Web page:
PS: I say that these arguments will be more persuasive to Republicans, which is generally true, but if you come from a tobacco state, say Kentucky, the Democrat congressmen will also likely be quite receptive, too (as you see with Fla. bi partisan proposal re cigars).
Lots of emotion around this subject that comes from emotion around the election, that is rightly not part of a Forums discussion. I've tried to angle my posts to the machinery of how to prompt this issue. Until appointees are in place in the FDA, and a Secretary to oversee them, I don't think something this particular is going to excite an administration taking on domestic and foreign policy in total.
While I think expecting any change on such a microscopic issue (in the grand scheme), edpalinurus is right in that some representatives seeking to curry favor with the new administration might wish to rethink their stance on some freedom/social issues. It doesn't hurt to remind them that a new boss is in town. Maryland, my state, went anti-Trump in a big way and we have all Democratic representation (even our Republican governor gave no support), so I'm guessing my folks are hiding in a corner right now. I'll drop them a line anyway.
For all those who are sad because Trump himself isn't a smoker, you may remember on the bright side that he sued over the smoking ban in Atlantic City that prevented people from smoking in his casinos:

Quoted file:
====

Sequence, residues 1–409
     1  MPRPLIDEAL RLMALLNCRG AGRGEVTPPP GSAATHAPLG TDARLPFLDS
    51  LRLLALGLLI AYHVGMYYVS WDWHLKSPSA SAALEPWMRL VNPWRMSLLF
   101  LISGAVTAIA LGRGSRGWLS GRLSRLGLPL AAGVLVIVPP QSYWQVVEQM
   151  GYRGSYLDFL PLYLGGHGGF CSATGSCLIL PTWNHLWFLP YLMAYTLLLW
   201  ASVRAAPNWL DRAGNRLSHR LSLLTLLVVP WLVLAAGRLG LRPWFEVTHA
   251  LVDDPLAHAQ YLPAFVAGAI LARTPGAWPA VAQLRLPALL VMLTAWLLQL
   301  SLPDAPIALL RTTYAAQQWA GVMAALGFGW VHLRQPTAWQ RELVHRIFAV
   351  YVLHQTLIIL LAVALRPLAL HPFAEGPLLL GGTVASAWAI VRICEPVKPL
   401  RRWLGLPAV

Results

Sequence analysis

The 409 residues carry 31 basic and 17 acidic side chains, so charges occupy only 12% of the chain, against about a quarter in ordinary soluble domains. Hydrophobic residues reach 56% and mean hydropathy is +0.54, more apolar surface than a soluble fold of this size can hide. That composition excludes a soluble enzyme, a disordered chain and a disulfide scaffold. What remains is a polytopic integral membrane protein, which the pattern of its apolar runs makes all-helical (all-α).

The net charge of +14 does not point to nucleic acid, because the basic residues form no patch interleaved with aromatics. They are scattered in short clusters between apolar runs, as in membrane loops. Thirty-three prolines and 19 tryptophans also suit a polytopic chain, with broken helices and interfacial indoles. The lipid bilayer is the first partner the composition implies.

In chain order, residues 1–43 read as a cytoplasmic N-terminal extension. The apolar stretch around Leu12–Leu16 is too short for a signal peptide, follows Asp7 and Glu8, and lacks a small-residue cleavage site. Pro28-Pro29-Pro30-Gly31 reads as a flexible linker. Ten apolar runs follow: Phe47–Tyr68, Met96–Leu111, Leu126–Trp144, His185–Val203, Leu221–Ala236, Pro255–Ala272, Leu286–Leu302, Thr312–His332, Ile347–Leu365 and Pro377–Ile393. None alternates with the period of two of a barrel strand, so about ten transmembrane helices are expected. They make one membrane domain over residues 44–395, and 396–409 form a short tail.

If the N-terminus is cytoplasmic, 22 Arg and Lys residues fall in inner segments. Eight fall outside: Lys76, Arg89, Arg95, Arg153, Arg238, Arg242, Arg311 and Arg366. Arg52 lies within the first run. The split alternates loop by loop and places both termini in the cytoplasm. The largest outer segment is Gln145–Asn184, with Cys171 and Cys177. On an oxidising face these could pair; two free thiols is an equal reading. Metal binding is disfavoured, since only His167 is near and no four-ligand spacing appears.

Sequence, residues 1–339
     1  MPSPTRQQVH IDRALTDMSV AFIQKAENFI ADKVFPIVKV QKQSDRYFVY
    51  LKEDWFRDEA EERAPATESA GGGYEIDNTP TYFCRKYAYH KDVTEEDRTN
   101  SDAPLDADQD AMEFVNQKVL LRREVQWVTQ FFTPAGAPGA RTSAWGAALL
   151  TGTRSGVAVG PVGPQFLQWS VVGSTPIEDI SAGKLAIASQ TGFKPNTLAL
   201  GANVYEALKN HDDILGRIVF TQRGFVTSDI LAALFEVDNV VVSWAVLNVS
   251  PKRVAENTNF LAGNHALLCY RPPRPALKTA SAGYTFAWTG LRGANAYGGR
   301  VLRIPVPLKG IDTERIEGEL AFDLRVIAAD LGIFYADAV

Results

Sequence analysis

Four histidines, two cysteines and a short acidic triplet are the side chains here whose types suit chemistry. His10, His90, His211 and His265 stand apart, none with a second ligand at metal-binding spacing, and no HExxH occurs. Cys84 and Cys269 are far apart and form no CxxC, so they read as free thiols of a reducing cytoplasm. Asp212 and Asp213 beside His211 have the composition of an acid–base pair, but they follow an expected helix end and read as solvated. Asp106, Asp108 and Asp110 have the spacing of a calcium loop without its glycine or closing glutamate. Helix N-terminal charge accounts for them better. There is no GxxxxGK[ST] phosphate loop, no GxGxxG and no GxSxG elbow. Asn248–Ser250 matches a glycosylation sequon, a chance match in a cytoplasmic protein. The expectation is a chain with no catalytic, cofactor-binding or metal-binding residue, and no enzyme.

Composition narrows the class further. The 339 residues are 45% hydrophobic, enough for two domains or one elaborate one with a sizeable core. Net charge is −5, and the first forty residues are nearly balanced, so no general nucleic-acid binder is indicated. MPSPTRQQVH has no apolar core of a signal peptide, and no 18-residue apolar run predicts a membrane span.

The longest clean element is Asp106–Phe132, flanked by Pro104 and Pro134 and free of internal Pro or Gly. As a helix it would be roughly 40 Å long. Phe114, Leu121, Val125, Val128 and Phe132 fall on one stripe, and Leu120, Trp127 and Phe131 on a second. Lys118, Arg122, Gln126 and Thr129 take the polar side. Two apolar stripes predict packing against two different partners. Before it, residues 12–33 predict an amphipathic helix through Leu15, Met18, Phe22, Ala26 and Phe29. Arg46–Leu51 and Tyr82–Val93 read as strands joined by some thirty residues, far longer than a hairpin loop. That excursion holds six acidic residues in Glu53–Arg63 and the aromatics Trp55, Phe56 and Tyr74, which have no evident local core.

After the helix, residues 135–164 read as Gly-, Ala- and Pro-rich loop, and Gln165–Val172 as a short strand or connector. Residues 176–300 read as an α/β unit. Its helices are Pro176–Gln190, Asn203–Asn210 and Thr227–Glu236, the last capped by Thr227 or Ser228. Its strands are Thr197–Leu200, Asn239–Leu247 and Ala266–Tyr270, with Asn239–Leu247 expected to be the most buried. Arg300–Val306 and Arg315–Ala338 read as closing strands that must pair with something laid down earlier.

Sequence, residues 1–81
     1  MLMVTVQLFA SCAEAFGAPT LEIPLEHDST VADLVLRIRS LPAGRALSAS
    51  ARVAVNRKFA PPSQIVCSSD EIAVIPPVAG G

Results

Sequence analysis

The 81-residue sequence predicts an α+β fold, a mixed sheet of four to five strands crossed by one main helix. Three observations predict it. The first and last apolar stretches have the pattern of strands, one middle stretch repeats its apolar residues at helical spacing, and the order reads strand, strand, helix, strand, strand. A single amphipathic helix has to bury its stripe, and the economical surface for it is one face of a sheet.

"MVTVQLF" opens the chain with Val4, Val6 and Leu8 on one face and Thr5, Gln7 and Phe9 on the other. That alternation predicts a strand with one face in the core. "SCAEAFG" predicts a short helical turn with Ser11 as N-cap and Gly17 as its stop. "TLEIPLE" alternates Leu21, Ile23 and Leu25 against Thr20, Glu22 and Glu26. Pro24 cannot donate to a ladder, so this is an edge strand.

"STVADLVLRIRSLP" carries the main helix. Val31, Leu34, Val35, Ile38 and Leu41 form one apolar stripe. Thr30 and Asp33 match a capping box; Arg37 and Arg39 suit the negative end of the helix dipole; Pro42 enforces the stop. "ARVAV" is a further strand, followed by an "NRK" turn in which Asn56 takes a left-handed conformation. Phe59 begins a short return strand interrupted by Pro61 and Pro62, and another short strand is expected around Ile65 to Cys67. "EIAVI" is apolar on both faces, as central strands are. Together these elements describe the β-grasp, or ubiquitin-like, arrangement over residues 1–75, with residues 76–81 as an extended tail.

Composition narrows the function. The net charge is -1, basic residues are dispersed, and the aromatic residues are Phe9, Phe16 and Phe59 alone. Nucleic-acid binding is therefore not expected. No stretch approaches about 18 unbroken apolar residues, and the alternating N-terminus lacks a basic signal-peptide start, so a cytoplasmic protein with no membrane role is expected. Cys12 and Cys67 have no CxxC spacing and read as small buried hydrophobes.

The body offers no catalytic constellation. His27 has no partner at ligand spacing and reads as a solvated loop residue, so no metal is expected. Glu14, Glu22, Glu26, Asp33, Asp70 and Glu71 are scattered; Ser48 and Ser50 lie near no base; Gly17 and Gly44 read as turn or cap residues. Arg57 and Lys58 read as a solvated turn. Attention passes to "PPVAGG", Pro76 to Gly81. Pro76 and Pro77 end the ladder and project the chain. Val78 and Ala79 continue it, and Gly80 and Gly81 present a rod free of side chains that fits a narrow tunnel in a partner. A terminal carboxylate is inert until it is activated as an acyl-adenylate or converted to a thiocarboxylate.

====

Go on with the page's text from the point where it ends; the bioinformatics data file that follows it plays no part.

As has been mentioned above, Pence is similarly opposed to anti-smoking laws. Whatever your views on the election, even if you are overall saddened by the results as a citizen, as smokers, we can at least take heart in the fact that these candidates are against smoking regulations and bans.
Thanks for the link, deathmetal!
EDIT- Full disclosure: the above is not meant to be a politically charged addition to the thread; I did not vote for Trump or Clinton, so hopefully I am appropriately objective regarding the above. I was just trying to be encouraging.
Just one other thought to complement the many good, insightful comments posted here:
The number of tobacco shops in the US is not insignificant. Per this Bloomberg article in 2014 -- it has increased to 9000 as of 2012 ( Bloomberg Says Tobacco Shop Number Has Increased ). Those 9000 business are in congressional districts somewhere and most members of congress, of both parties, are willing to at least hear out reasonable criticisms of legislation and bureaucratic activity when it involves voters, esp. if the voters are tax-paying employers. I think one can make some very good, measured arguments that the regulations are unduly burdensome and meant to drive these shops out of business.
Some smart lobbyist needs to march the employees of C&D and Mcclelland in front of Trump/Pence and explain how these unique jobs will be gone if the FDA isn't abolished or regulations severely cut. Then we may have a prayer, other than that it'll be hidden in the bottom of the stack.....way way down in the basement. Great advice here as to what to do...just doesn't meet the populist requirements. Need to throw some kids in there some where, that's how D.C. Works. You can do anything as long kids are thrown in. :crazy:
Good luck, fellas. I understand the incoming president has never smoked and I therefore think one had better draft some really compelling reasons. Perhaps something along the lines that the FDA has a backlog of over 4000 medications awaiting approval and messing with tobacco is a waste of resources would be a start.